Policy Brief Land and property rights critical for women empowerment

Land ownership is critical for women Empowerment: Land is a primary source and crucial asset for households, especially women who primarily depend on agriculture for their livelihoods. Ownership and control over land plus control over produce obtained from land use in Northern Ugandan, like most parts of Uganda, is unequal and disfavours women. The greatest disparity being in ownership and decision making over the produce obtained from land use. Gender disparities in land rights are the underlying causes of conflicts and poverty among women. Access, control, ownership and utilisation of land are important factors in poverty alleviation. Inadequate control over the use of land hampers productivity and investment by women yet, they are the main users of land.

Only 27% of registered land is owned by women yet, 70% of the women are engaged in agriculture. Less than 20% control outputs of their efforts. Women are given small plots of land like the size of a house. Such a practice will not make women shift from the poverty box.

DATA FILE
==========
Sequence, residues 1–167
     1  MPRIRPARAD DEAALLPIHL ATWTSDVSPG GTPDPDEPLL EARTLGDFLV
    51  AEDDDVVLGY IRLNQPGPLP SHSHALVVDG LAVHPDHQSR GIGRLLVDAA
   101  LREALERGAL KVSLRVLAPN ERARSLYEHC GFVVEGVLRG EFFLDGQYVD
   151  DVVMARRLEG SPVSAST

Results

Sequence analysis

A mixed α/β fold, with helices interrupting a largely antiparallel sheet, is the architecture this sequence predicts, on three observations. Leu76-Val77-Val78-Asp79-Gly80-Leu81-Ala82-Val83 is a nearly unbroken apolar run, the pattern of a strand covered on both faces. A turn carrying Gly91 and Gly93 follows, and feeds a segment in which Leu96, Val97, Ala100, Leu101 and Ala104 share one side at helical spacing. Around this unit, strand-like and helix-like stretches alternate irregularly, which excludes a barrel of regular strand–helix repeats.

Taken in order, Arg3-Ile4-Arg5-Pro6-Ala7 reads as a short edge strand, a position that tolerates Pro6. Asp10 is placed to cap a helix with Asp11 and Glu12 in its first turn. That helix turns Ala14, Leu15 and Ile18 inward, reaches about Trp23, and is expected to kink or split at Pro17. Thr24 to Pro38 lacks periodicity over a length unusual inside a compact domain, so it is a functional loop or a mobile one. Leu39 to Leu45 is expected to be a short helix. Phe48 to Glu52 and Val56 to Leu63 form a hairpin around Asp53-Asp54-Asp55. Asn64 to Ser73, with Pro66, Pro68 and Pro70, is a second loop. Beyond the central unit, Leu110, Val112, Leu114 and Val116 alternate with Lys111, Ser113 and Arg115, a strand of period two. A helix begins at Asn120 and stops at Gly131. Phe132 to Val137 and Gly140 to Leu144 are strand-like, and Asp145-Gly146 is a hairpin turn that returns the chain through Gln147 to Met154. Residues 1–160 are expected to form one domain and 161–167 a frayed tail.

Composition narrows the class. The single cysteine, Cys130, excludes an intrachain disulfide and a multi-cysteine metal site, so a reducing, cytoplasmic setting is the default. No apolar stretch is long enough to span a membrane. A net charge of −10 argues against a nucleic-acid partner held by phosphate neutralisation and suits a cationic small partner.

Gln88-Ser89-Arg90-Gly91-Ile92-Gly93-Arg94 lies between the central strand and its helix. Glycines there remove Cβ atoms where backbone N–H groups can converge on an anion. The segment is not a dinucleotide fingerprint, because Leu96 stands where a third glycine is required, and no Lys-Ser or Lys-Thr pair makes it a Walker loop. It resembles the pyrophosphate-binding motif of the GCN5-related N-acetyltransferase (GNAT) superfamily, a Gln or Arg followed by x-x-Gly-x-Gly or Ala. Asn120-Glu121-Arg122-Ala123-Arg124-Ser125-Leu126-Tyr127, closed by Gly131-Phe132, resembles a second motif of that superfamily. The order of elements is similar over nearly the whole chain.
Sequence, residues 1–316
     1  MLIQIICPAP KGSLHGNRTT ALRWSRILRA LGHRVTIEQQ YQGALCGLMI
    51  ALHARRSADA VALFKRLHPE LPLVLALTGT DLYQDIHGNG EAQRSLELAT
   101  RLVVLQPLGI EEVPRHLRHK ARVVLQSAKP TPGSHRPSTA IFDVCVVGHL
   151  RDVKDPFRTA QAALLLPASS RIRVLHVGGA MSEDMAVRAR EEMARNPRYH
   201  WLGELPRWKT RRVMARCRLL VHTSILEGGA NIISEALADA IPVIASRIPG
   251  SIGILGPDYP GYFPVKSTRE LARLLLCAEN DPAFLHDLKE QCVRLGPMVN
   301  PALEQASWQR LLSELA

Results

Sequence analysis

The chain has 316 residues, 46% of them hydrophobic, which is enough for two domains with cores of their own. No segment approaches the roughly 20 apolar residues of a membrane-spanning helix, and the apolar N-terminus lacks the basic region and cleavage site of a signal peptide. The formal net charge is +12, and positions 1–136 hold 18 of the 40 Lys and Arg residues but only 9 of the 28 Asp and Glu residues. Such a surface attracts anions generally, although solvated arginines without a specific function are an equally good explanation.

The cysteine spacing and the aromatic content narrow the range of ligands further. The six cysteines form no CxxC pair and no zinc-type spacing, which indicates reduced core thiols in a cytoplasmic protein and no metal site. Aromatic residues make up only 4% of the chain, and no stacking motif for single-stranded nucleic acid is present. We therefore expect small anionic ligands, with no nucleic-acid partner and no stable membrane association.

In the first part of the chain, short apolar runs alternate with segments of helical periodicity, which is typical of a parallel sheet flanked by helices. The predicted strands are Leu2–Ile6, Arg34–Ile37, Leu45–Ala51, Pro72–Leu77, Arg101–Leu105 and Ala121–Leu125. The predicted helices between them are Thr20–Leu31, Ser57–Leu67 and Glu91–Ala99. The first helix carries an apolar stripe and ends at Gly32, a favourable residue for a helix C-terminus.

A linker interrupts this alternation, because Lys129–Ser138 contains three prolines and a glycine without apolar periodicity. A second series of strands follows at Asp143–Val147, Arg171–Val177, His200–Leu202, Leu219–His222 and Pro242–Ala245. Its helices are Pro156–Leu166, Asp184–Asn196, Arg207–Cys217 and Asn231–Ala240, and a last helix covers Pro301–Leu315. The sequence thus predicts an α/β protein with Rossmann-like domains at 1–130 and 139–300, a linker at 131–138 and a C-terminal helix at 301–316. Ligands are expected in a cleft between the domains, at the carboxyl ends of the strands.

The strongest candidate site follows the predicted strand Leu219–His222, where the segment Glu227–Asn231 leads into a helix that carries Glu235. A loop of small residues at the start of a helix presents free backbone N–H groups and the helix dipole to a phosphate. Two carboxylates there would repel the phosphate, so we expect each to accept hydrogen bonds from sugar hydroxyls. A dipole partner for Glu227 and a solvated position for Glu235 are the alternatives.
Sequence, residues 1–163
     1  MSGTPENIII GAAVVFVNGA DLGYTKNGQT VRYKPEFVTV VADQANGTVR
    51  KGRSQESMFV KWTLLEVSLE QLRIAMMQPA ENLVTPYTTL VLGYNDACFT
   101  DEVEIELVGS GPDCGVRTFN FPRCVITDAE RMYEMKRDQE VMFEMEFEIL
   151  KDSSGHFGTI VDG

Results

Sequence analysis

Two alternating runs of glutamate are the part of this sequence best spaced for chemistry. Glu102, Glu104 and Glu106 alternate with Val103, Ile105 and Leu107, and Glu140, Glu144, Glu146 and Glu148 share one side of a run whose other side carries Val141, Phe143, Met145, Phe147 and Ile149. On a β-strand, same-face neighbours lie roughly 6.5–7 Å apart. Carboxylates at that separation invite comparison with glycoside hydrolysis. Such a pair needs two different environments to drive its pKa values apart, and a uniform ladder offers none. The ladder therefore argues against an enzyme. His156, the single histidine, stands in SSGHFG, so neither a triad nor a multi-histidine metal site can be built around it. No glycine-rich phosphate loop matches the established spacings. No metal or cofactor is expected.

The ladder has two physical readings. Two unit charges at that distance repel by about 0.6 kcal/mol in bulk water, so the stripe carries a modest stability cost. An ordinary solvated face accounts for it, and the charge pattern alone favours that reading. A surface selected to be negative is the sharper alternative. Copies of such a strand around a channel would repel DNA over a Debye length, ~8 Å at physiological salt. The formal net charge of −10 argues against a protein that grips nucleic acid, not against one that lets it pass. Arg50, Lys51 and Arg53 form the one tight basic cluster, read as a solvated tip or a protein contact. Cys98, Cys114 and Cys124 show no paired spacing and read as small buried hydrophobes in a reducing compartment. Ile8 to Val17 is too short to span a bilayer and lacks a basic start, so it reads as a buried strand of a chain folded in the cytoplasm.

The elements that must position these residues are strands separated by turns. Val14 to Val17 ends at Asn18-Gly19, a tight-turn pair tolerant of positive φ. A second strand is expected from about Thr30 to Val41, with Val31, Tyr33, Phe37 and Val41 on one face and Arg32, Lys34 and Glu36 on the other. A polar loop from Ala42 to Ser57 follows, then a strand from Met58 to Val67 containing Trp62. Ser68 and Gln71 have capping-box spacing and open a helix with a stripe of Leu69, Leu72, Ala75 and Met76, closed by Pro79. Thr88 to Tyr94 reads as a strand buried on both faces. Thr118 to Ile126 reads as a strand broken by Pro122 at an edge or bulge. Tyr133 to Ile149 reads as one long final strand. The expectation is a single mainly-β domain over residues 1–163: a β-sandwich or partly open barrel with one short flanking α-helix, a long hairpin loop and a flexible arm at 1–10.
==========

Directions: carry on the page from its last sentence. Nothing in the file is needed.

In Uganda today, only 27% of registered land is owned by women yet 70% of the women are engaged in agriculture and surprisingly less than 20% control outputs of their efforts (UNHS 2012/13). Women, do not enjoy the same opportunities as men in terms of access and participation in social, political, legal-cultural and economic development. In Uganda, 80% of the women usually do not have a say on how land is used unless they have rented it (FAO Country Gender Assessment 2016). When women are given land, they are given small plots like the size of a house, such a practice will not make women shift from the poverty box. To achieve optimal productivity, women must access, control and own land. The ministry of lands needs to consider the obstacles women face with regard to tenure and the associated tenure rights and devise measures to redress the imbalance. It is only in protecting women’s rights to
land that women productivity can increase then, the health and wellbeing of the family will improve.

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Thank you to all who supported us on this journey, including the untiring colleagues at CARE International in Uganda.

AB. Gabazira
Country Director, CARE International in Uganda